stoicism

What’s the church’s view on stoics and their ethics and morals?

Not a favorable view to say the least, but I like a lot of stoic philosophy.

Stoicism seeks apathy as to the events of life, Christianity would seek joy and love as a response, to embrace God’s will in everything.

Erasmus criticized stoicism for its upsetting of the balance between man’s intellect and emotions. He said both were needed:

ourcivilisation.com/smartboard/shop/erasmus/folly2.htm

First of all, it’s admitted that all the emotions belong to Folly, and this is what marks the wise man off-from the fool; he is ruled by reason, the fool by his emotions. That is why the stoics segregate all passions from the wise man, as if they were diseases. But in fact these emotions not only act as guides to those hastening towards the haven of wisdom, but also wherever virtue is put into practice they are always present to act like spurs and goads as incentives towards good, deeds. Yet this is hotly denied by that double-dyed stoic Seneca who strips his wise man of every emotion. In doing so he leaves nothing at all of the man, and has to ‘fabricate’ in his place a new sort of god who never was and never will be in existence anywhere. Indeed, if I may be frank, what he created was a kind of marble statue of a man, devoid of sense and any sort of human feeling. Well, if that’s what they like, they can enjoy their wise man, love him without a rival, live with him in Plato’s Republic or in the kingdom of Ideas, if they prefer, or else in the gardens of Tantalus. Who wouldn’t flee in terror from a man like that as a monstrous apparition, deaf as he is to all natural feelings, and no more moved by love or pity or any emotions

than if hard flint or Parian crag stands fixed?

Two books about Roman stoicism were written in Shakespeare’s day. His was response was Julius Caesar.
Both Caesar and Brutus were stoics. In contrast, Marc Anthony was a fun loving guy. As a result, Anthony was in touch with the people, turned the mob against Brutus and defeated Brutus. ( But, in Anthony and Cleopatra, Anthony is a slave to his passions and this leads to his downfall. He abandoned his reason, the opposite of stoicism. Balance is the key. )

I think certain aspects of stoicism can be in tune with Christian thought. The Christian Stoicism in the 19th century could be an example.

artofmanliness.com/2012/11/06/honor-during-victorian-era/

Headings from that article:

What Were the Tenets of the Stoic-Christian Code of Honor?

Rebellion against the values of the aristocracy.

Revival in evangelical Christianity.

Nostalgia.
Expanding Democracy.

The Rise of the Self-Made Man.

This is not stoicism. It’s economic/political/social leanings.

Stoicism is about the balance between intellect and emotions. Stoics want to deny emotions.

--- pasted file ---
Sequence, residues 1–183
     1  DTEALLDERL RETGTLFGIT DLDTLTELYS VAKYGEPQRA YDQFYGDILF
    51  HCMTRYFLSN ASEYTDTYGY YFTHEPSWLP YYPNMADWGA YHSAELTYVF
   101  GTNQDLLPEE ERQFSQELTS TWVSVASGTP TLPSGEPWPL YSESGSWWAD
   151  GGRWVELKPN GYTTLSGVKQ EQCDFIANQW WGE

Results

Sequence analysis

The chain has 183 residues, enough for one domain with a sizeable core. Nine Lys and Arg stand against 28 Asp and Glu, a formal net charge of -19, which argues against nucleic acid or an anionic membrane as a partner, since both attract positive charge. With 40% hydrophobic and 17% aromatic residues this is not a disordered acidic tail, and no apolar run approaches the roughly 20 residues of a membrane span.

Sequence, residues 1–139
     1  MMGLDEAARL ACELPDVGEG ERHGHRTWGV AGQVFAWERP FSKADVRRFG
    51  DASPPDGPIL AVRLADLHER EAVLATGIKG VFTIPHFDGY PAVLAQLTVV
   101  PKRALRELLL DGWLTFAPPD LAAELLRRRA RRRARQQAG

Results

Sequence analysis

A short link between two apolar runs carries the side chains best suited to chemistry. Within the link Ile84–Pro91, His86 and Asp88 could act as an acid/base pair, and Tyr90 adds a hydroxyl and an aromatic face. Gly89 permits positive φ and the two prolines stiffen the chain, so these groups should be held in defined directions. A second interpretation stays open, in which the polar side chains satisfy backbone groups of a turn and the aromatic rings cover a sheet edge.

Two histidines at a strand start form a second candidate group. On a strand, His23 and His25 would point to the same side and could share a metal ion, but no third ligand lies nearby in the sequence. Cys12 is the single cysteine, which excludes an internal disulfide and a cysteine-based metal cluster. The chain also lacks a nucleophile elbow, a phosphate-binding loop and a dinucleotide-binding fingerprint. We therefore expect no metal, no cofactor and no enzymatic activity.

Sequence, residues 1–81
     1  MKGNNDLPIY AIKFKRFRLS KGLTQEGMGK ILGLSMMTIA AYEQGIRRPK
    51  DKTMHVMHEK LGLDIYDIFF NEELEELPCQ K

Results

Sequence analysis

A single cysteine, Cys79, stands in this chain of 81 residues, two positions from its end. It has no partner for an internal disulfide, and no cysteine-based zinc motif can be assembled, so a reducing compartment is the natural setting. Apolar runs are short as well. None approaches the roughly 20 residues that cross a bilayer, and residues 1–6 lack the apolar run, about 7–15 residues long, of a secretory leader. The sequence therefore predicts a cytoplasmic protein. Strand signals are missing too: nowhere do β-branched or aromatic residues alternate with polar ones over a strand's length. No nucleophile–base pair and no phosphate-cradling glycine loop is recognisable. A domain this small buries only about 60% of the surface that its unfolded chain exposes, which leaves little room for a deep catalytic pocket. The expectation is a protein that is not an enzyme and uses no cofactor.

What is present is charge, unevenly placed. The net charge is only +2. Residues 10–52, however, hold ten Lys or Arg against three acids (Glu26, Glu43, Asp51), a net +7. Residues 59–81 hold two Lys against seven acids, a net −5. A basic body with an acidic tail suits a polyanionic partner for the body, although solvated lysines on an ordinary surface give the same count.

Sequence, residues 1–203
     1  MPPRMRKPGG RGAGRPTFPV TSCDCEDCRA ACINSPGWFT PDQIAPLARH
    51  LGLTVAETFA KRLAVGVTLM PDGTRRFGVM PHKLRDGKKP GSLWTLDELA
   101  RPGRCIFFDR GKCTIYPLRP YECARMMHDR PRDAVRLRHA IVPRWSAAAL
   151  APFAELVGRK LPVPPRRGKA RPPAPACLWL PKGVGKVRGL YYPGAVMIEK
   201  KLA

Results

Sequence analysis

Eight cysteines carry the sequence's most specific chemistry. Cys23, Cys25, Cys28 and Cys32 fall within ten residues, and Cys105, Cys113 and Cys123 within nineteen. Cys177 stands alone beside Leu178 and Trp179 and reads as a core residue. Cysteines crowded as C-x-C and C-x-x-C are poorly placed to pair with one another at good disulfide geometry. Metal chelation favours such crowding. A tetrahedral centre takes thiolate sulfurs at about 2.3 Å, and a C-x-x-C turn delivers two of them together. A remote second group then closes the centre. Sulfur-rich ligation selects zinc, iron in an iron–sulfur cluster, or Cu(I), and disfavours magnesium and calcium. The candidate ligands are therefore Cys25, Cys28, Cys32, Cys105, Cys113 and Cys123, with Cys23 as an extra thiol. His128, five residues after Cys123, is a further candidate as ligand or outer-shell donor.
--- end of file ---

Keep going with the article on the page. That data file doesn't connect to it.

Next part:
The author of that article coined the phrase Christian-stoicism to make himself famous. It’s an old trick with these intellectuals.

Here’s what I personally believe. I do not deny emotions in my philosophy but accept them for what they are. They just happen. I don’t know I would put any trust in them though. Outside forces can manipulate your emotion. But I believe we are to be unmoved when something happens out of our control. Wether it’s directly god’s will or not I don’t know so I don’t judge. When a spouse leaves (in the world) that happens. When a persons child dies. That happens there will be grief as expected but this might be caused by attachments to the changing. Some say it’s not right for a parent to outlive their child. I say “Where’s that a rule”.

Here’s what I personally believe. I do not deny emotions in my philosophy but accept them for what they are. They just happen. I don’t know I would put any trust in them though. Outside forces can manipulate your emotion. But I believe we are to be unmoved when something happens out of our control. Wether it’s directly god’s will or not I don’t know so I don’t judge. When a spouse leaves (in the world) that happens. When a persons child dies. That happens there will be grief as expected but this might be caused by attachments to the changing. Some say it’s not right for a parent to outlive their child. I say “Where’s that a rule”.

That’s all fine, but you’re talking about reactions to uncontrollable events.

Stoicism is not only about being brave in the face of adversities. It’s about how a person makes choices.

Brutus depended on his intellect alone to decide to assassinate Caesar and prevent him from becoming a dictator, although what Caesar would have become is unknown. Brutus denied his own emotion of being loyal to his old friend. The result was civil war, the end of the Roman Republic, and a string of dictatorial emperors that lasted for centuries.

In another Shakesperean play, The Merchant of Venice, a major theme is balancing justice with mercy. Shylock wants his pound of flesh. Justice demands he get it. Portia argues that “The quality of mercy is not [con]strained”, that is, the judges could if they wish base their decisions on emotion and give the defendent a break. ( Portia later wins the case on a technicality, but that’s besides the point. It is Shylock who fails to be merciful and that’s his downfall. )

Shakespeare’s purpose in Julius Caesar was to examine what kind of man to be.
In Macbeth, he has Macbeth say at one point, “I dare do all that becomes a man. Who dares to more is none.” But Macbeth fails to live up to his own words. He falls slave to his own emotional desire to become king, overruling his intellect which should have told him he could not become king by assassination and get away with it. He also knew he’d be damned for it: “mine eternal jewel given to the common enemy of man.”

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